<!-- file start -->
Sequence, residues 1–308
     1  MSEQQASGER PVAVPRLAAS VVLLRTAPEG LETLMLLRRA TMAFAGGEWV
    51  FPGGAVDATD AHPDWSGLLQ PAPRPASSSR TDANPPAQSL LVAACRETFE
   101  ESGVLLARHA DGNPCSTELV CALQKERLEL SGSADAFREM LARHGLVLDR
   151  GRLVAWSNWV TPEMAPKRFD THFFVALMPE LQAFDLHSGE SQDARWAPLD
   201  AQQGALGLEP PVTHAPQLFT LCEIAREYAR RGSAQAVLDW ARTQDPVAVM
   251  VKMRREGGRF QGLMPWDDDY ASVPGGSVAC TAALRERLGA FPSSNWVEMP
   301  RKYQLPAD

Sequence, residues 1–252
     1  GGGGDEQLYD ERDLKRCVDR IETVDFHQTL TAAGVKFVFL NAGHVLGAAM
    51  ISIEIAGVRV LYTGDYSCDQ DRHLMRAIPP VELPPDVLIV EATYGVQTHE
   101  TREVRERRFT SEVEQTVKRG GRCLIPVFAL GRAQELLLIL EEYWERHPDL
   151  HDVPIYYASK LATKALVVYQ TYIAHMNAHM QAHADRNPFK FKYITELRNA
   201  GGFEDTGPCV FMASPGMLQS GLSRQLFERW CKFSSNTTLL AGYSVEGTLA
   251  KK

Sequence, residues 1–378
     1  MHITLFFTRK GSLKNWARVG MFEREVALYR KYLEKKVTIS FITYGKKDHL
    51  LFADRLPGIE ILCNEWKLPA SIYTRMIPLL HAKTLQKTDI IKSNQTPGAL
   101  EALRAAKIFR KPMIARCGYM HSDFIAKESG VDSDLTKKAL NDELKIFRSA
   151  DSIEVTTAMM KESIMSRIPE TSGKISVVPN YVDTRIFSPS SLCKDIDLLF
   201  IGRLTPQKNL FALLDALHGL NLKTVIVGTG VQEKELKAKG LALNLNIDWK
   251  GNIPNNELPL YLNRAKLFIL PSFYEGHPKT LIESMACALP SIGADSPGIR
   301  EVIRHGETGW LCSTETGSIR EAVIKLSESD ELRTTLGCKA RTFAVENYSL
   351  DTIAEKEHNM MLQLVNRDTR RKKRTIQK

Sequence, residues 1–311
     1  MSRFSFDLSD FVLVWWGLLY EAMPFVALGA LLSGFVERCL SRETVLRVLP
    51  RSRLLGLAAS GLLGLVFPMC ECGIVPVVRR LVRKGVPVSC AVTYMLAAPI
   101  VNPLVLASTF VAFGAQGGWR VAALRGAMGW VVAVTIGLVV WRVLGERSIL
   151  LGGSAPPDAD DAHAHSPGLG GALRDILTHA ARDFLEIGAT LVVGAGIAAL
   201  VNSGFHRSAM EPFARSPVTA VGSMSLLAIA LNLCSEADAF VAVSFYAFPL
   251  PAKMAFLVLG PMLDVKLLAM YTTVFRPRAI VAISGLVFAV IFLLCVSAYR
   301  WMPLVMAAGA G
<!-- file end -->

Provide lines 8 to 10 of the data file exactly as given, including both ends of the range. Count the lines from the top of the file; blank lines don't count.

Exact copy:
   301  RKYQLPAD

Sequence, residues 1–252
     1  GGGGDEQLYD ERDLKRCVDR IETVDFHQTL TAAGVKFVFL NAGHVLGAAM